Articles

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  • Plants get help in boosting reliability

    More and more companies are placing greater emphasis on maintenance and seeking help from vendors to boost the effectiveness of their efforts, as some recent major investment decisions demonstrate. Many automation companies now are benefiting by building up asset management services alongside process control capabilities.

    Mike Spear, editor at large
    02/26/2007
  • Chemical security rules edge forward

    Advance rulemaking was recently issued on anti-terrorism standards. Lynn Bergeson provides a summary in monthly Compliance Advisor column.

    Lynn Bergeson, regulatory editor
    02/12/2007
  • The intrinsically safe fieldbus has arrived

    Fieldbus has proven its merit in bringing projects online more efficiently, allowing better diagnostics, and control, and reducing maintenance costs and inventories. However, it has been limited in intrinsically safe services. At last, technology has come through once again with a solution. The capacity barrier of FISCO has now been significantly surpassed by a novel split architecture design that has already proven itself in the field.

    Dr. Dave Rizzo, Power PR
    02/09/2007
  • The DCS spirit lives on everywhere

    Classic distributed control systems typically remain only in high-availability refining and power applications, but their strategies and capabilities persist in descendants and today’s sophisticated networks.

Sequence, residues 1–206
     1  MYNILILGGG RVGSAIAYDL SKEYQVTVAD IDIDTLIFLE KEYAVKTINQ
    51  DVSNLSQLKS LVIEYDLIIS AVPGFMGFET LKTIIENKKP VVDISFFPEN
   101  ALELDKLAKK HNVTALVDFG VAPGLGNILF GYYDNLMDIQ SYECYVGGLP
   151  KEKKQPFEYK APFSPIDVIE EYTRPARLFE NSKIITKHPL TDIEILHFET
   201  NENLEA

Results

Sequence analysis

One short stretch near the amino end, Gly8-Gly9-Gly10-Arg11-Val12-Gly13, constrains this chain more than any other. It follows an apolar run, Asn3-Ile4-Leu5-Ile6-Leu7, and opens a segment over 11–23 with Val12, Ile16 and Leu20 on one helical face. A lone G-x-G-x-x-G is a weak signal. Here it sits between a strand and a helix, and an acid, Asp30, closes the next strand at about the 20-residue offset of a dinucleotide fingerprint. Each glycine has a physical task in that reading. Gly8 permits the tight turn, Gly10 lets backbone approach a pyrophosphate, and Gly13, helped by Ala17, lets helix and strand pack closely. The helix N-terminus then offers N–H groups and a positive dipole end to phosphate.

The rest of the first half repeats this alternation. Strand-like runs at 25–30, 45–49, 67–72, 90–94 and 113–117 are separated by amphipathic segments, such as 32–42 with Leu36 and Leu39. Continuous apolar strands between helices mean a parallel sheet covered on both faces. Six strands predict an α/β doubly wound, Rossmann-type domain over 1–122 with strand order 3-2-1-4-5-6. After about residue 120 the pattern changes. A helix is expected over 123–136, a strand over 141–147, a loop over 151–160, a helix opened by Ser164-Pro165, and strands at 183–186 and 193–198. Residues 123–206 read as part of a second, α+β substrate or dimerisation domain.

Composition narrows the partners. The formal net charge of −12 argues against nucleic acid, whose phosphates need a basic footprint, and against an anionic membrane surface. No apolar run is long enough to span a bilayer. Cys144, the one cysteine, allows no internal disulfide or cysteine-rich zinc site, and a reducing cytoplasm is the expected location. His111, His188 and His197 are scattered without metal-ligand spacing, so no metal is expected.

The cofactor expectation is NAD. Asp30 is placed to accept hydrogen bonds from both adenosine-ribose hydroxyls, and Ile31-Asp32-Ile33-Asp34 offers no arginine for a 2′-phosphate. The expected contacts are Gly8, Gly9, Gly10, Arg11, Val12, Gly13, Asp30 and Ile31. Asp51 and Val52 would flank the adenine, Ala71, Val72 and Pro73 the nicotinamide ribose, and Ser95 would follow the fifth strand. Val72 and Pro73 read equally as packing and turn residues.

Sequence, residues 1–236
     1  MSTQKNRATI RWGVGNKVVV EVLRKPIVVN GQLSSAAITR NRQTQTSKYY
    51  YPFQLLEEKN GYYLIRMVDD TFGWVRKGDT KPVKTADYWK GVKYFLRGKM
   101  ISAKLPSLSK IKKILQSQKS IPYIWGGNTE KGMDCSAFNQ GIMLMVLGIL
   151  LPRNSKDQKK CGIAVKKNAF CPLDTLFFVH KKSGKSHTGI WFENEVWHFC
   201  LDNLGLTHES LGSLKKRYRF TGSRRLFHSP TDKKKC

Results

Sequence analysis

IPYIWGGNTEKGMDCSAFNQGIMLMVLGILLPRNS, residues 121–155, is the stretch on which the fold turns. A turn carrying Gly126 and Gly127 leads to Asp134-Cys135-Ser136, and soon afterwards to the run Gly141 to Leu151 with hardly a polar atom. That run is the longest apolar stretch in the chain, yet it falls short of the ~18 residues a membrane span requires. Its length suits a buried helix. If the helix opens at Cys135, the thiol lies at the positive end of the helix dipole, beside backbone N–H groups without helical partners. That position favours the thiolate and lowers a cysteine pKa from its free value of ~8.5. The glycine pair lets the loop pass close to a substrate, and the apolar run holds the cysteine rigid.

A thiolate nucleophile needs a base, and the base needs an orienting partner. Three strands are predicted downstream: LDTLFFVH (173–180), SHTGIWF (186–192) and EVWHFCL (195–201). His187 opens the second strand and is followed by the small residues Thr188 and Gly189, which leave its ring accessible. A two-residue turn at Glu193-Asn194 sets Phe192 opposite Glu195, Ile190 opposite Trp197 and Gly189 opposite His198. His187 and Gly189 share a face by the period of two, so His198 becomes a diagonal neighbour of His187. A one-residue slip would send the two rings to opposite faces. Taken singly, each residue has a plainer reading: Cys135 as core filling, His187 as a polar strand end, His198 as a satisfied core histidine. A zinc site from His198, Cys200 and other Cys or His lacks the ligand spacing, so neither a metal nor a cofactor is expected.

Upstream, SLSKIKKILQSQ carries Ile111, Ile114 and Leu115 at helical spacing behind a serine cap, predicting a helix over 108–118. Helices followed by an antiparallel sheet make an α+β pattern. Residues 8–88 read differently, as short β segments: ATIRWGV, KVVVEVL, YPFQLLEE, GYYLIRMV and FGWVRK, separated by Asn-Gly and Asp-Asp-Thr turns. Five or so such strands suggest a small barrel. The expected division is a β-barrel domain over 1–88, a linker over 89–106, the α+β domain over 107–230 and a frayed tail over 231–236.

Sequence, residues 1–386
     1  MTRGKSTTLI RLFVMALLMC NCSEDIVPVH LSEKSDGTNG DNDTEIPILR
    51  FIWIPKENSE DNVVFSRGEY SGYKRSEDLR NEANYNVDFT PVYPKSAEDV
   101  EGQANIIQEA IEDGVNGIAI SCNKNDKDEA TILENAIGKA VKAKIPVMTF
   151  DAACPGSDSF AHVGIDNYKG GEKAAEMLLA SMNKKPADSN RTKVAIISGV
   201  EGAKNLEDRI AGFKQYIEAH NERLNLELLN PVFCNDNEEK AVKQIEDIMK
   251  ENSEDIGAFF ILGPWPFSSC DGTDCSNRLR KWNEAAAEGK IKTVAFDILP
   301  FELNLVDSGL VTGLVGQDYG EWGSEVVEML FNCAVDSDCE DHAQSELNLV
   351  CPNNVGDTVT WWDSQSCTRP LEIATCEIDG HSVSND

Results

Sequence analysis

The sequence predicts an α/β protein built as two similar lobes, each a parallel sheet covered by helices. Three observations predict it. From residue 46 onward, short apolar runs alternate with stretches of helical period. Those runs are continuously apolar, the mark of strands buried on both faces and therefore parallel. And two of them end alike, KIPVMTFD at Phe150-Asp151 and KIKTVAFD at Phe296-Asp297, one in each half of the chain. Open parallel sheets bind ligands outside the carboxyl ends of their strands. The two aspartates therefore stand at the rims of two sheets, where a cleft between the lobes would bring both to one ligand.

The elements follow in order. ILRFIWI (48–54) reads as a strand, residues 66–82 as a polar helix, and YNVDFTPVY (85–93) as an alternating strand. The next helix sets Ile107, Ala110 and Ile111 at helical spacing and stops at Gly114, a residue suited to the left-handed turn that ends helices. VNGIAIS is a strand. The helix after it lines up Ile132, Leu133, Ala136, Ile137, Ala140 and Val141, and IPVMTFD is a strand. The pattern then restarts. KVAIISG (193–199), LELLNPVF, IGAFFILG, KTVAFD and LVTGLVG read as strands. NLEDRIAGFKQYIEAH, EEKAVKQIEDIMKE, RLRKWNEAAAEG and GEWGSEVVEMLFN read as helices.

Jim Montague, Executive Editor
    02/09/2007
  • Debunk plant myths about diagnostics

    Your current control system can probably do more than you think. Everybody can agree that diagnostics are a good thing — they can identify problems early, and keep the plant running at peak performance. Learn how your existing control systems and analog instruments can deliver diagnostic capabilities, at a fraction of the cost of system or instrument replacements.

    George Buckbee, ExperTune, Inc.
    02/08/2007
  • Making the most of diagnostics

    Make the most of your diagnostics with this helpul summary from George Buckbee of ExperTune, Inc.

    George Buckbee, ExperTune, Inc.
    02/08/2007
  • Energy Savings Pick up Steam

    More attention to steam systems and trap monitoring provides big benefits. At most chemical plants, plant management and operators face increasing pressures to improve the energy efficiency of their processes, so they should see how they can save on steam.

    Mike Spear, editor at large
    01/30/2007
  • Where is wireless going?

    Increasing interest will translate into far more monitoring applications. The worldwide market for wireless technology will grow 26% annually over the next few years, forecasts the ARC Advisory Group. Vendors are responding and key concerns are being addressed.

    Mike Spear, editor at large
    01/11/2007
  • pH sensor stands up to tough conditions

    Design provides improved reliability in a polymer-precursor batch reactor. Sensors must respond quickly and survive a harsh environment. Poor probe reliability can make the difference between a process that makes money and one that doesn’t.